Joined:
    Jul 31, 2012
    Messages:
    456
    Likes Received:
    71
    Location:
    Michigan, USA
    Certainly not. When forced to follow a particular list of rules, you end up with a very narrow series of options.
     
  16. mammamaia
    Offline

    mammamaia nit-picker-in-chief Contributor

    Joined:
    Nov 21, 2006
    Messages:
    19,316
    Likes Received:
    1,014
    Location:
    Coquille, Oregon
    if you're still around, phoenix, i'd appreciate answers to my 2 questions...
     
  17. Xatron
    Offline

    Xatron Contributing Member

    Joined:
    Jan 30, 2013
    Messages:
    576
    Likes Received:
    6
    I also liked Holden Caulfield from Catcher in the Rye, and Raistlin Majere from The Dragonlance series.
    In 1984 i didn't really like Winston. Big Brother was the one i ended up rooting for. Maybe if he was not such a wimp.

    But seriously, in my ledger Snape is up there with Gandalf, too close to the top.
     
  18. Thornesque
    Offline

    Thornesque Contributing Member

    Joined:
    Jul 31, 2012
    Messages:
    456
    Likes Received:
    71
    Location:
    Michigan, USA
    I believe that, by "under graded," he meant that the character doesn't come through. That they can't defend themself or that they seem lesser in their capabilities than everyone else.
     
  19. Phoenix Hikari
    Offline

    Phoenix Hikari Contributing Member

    Joined:
    Feb 21, 2012
    Messages:
    333
    Likes Received:
    6
    Excellent points you all state, I'm glad to see that many have found some holes in the 'guide lines' I have been trying to come up with. True, there should not be any guidelines or the character would become more like a robot that has to become something in a certain way and no other. However, I should not tolerate a bad developed character. And yes, I did base my ideas on one source but that wasn't guided by other books i have read about 'writing fiction' however i don't need to cite them since the final conclusion was a mere understanding of the general idea of what protagonists or any other character should be.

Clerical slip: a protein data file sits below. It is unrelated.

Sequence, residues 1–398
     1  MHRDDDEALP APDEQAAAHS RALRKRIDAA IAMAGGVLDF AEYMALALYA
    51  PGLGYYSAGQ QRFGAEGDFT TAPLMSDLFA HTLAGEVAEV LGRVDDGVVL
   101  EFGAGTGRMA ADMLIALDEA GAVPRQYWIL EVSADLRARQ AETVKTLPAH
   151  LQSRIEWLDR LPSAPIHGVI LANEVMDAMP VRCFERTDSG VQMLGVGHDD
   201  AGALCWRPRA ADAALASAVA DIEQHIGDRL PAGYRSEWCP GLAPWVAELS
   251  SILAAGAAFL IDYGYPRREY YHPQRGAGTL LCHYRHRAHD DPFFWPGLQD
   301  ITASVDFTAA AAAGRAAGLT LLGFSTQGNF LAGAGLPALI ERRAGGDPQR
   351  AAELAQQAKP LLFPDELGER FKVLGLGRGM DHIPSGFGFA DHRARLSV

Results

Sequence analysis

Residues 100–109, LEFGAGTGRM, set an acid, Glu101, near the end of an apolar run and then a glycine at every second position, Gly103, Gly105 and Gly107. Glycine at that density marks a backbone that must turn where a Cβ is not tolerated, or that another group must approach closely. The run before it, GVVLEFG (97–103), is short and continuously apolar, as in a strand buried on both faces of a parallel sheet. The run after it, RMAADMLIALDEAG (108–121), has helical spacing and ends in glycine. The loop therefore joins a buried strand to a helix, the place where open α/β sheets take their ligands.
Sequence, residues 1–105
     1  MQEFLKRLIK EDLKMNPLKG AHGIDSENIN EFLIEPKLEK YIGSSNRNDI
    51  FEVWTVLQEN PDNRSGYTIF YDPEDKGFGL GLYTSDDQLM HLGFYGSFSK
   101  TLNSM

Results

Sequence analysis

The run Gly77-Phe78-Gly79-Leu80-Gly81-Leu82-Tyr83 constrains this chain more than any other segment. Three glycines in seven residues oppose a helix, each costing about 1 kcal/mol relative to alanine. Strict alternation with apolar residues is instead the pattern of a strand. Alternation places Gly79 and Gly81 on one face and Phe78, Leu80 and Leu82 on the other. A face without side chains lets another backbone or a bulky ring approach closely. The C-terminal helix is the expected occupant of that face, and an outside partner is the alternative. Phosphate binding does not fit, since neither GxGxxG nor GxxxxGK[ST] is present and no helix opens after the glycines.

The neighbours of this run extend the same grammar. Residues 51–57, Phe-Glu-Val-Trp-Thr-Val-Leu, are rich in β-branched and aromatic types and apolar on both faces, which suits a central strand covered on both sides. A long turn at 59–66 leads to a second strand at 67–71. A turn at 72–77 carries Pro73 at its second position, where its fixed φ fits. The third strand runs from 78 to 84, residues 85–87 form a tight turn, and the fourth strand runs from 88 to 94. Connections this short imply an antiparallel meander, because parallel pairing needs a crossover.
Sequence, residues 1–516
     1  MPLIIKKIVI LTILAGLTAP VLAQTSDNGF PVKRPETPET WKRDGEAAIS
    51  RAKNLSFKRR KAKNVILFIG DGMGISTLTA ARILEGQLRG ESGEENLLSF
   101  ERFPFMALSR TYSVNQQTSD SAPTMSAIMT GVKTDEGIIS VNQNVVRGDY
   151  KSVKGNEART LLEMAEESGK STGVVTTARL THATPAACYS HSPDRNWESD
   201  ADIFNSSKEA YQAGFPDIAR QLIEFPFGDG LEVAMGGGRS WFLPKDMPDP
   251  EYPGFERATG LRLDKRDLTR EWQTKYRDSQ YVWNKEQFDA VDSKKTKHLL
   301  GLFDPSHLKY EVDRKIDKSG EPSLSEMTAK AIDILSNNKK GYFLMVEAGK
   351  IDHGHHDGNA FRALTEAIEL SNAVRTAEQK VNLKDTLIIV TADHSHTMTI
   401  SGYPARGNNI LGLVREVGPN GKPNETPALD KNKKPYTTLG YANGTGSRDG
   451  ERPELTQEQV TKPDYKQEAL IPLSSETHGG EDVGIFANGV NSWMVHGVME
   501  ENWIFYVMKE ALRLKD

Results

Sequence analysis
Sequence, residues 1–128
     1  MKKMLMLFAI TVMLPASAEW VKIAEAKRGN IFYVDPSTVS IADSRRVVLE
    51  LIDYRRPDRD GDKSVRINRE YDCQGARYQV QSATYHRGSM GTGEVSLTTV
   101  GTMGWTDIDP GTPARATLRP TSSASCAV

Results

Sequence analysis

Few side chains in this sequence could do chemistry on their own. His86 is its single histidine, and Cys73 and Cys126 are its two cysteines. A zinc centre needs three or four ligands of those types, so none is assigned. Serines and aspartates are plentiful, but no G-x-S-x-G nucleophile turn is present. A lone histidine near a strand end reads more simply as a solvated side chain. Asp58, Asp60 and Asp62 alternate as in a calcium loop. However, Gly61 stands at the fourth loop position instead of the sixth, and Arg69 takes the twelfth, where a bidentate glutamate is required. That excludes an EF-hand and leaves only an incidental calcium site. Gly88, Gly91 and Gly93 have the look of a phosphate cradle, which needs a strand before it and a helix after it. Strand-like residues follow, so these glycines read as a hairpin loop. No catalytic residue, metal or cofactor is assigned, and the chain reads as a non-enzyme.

I'm not saying that these guidelines are absolute, but they do make some points that I find important in building characters. It is quite good that you guys disagree with me as my initial intention was to stir a discussion and not to present 'my perfect guidelines' there are no such guidelines.

    @Mammamaia: Under-graded means that the character is portrayed as useless or is idle in times that need action. Maybe this came out because that book I read about HP was talking about that specific character's flaws and I generalized them too much. But I still stand by that some of them do make a good point.
     
  20. jazzabel
    Offline

    jazzabel Contributing Member Contributor

    Joined:
    Jan 5, 2012
    Messages:
    4,273
    Likes Received:
    1,666
    Not to disrespect your effort, but there's only one rule - there must be a protagonist. Everything else is a generalisation and trying to come up with a formula that will never work. There is no formula. There's only a story that needs to be told. As to what kind of story it is - it is irrelevant because all the possible permutations of themes, plot, character arcs and settings vastly exceed useful quantification. Possibilities are endless.
     
  21. Thornesque
    Offline

    Thornesque Contributing Member

    Joined:
    Jul 31, 2012
    Messages:
    456
    Likes Received:
    71
    Location:
    Michigan, USA
    I have a protagonist who ends up weaker by the end of the story.

    I have a protagonist who would rather blame others than accept her own mistakes and the punishments and repercussions of them.

    I have a protagonist who doesn't understand a thing about the (fantastical) world around her.

    I have a book in which there are 5 protagonists.

    I have another series in which there are, essentially, 12.

    I have a book in which the character you think is supposed to win is not the one that wins.

    I've broken just about all of your guidelines at one point or another.
     

Share This Page